Deciding on Death: Conventions and Contestations in the Context of Disability

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Abstract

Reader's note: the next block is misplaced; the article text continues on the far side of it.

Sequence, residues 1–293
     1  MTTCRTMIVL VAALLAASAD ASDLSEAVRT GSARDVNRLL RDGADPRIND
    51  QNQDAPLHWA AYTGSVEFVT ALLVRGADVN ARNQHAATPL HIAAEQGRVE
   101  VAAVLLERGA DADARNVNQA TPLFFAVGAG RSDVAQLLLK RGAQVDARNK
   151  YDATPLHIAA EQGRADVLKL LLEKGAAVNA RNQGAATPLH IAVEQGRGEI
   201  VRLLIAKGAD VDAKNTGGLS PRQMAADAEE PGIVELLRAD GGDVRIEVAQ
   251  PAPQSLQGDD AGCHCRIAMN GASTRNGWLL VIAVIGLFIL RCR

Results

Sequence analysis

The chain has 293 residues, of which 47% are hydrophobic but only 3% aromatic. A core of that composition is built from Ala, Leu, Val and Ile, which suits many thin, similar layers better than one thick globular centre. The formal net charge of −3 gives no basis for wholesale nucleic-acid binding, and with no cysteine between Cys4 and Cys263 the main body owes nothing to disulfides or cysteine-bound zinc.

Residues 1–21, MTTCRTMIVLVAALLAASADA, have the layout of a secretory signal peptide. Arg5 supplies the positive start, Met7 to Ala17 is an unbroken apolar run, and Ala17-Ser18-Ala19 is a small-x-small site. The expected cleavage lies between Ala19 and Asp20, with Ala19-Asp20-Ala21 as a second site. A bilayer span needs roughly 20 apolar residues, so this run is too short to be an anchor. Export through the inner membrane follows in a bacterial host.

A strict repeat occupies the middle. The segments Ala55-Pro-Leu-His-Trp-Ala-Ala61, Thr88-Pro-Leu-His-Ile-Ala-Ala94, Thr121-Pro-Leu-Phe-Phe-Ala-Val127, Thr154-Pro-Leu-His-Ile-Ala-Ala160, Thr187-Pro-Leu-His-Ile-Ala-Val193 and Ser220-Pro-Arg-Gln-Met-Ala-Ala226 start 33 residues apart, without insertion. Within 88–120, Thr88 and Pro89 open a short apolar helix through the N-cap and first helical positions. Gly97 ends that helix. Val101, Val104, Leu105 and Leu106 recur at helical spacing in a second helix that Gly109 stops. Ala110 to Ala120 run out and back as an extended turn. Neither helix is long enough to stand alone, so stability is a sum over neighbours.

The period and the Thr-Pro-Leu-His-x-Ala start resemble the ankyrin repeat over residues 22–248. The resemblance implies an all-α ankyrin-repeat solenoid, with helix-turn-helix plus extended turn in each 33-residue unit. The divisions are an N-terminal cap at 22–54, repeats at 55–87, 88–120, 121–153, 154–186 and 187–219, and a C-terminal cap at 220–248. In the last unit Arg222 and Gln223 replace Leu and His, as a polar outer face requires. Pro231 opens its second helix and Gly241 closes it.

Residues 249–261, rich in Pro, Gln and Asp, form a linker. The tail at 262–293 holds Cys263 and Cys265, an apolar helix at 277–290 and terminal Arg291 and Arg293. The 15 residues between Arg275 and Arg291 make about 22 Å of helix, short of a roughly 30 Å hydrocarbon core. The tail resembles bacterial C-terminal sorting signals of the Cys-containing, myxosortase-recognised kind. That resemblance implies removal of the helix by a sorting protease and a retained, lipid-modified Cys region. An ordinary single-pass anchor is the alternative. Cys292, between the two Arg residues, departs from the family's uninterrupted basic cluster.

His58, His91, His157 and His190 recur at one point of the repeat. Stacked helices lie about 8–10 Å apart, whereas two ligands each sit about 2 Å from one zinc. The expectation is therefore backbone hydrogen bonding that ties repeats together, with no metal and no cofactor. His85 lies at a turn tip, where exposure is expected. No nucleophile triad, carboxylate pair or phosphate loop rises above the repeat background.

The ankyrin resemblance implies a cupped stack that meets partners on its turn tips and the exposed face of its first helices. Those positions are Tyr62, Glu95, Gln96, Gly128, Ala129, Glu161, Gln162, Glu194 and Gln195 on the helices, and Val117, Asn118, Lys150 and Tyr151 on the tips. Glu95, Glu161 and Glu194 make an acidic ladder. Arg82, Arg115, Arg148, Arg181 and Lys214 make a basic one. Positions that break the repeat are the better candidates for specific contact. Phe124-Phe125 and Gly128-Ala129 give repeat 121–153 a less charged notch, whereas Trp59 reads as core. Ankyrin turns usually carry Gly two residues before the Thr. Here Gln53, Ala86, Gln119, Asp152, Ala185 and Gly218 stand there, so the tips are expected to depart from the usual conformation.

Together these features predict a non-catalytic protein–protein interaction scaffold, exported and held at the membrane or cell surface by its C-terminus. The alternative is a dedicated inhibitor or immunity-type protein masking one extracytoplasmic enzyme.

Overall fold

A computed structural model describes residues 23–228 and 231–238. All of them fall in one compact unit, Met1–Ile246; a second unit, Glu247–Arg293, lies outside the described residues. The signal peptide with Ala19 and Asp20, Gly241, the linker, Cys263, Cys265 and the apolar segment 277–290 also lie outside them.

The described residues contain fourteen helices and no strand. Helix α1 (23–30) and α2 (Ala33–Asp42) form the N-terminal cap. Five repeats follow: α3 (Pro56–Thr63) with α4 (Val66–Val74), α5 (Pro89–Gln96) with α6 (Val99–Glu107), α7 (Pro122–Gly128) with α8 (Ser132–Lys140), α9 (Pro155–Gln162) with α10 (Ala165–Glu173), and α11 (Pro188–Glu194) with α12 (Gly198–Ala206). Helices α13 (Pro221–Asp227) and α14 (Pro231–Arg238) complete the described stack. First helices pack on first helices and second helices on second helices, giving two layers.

Conflicts between bioethicists and disability theorists often arise over the permissibility of euthanasia and physician assisted suicide. Where mainstream bioethicists propose universalist guidelines that will direct action across a range of effectively disembodied situations, and take for granted that moral agency requires autonomy, feminist bioethicists demand a contextualisation of the circumstances under which moral decision making is conducted, and stress a more relational view of autonomy that does not require strict standards of independent agency. Nonetheless, neither traditional nor feminist perspectives have fully engaged with the critique of disabled people that they are consistently subjected to discriminatory, even life-threatening, practice and policy in biomedical and health care. The paper revisits some of the issues that drive the often highly polarised debate between bioethicists and disability theorists around the question of end of life decisions involving disabled people. While many bioethicists have doubtless been indifferent to the difference that disability makes, I am also concerned that the very proper demand of disability activists and theorists to scrutinise all end of life decisions for signs of discrimination and even violence has segued into something damagingly restrictive that silences internal dissension and stifles external debate. Given that euthanasia and physician assisted suicide may be issues where conventional argument on either side will founder on deeply felt convictions, I make the radical move to speculate on an entirely different, quasi-Deleuzian, approach to the value of life in order to shake up entrenched positions, and begin to think differently.

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